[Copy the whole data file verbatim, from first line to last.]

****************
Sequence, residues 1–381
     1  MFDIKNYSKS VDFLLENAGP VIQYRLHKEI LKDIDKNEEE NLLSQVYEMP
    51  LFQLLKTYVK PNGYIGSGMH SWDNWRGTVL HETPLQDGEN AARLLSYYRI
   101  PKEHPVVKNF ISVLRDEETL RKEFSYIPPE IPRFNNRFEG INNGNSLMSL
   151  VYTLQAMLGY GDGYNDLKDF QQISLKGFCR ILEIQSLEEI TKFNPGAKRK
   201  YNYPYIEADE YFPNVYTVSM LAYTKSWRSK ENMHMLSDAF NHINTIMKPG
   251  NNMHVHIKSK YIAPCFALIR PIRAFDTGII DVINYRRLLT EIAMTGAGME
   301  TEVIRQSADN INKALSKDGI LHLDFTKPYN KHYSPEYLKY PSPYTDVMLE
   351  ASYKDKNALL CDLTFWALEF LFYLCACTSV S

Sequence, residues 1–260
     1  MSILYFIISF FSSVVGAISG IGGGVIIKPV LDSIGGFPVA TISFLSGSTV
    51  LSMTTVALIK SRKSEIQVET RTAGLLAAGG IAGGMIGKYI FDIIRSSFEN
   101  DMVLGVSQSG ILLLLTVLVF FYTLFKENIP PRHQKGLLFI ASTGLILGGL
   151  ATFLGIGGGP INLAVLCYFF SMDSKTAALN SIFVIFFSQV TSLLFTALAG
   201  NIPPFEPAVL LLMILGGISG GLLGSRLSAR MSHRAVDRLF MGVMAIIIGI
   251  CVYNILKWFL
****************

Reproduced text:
Sequence, residues 1–381
     1  MFDIKNYSKS VDFLLENAGP VIQYRLHKEI LKDIDKNEEE NLLSQVYEMP
    51  LFQLLKTYVK PNGYIGSGMH SWDNWRGTVL HETPLQDGEN AARLLSYYRI
   101  PKEHPVVKNF ISVLRDEETL RKEFSYIPPE IPRFNNRFEG INNGNSLMSL
   151  VYTLQAMLGY GDGYNDLKDF QQISLKGFCR ILEIQSLEEI TKFNPGAKRK
   201  YNYPYIEADE YFPNVYTVSM LAYTKSWRSK ENMHMLSDAF NHINTIMKPG
   251  NNMHVHIKSK YIAPCFALIR PIRAFDTGII DVINYRRLLT EIAMTGAGME
   301  TEVIRQSADN INKALSKDGI LHLDFTKPYN KHYSPEYLKY PSPYTDVMLE
   351  ASYKDKNALL CDLTFWALEF LFYLCACTSV S

Sequence, residues 1–260
     1  MSILYFIISF FSSVVGAISG IGGGVIIKPV LDSIGGFPVA TISFLSGSTV
    51  LSMTTVALIK SRKSEIQVET RTAGLLAAGG IAGGMIGKYI FDIIRSSFEN
   101  DMVLGVSQSG ILLLLTVLVF FYTLFKENIP PRHQKGLLFI ASTGLILGGL
   151  ATFLGIGGGP INLAVLCYFF SMDSKTAALN SIFVIFFSQV TSLLFTALAG
   201  NIPPFEPAVL LLMILGGISG GLLGSRLSAR MSHRAVDRLF MGVMAIIIGI
   251  CVYNILKWFL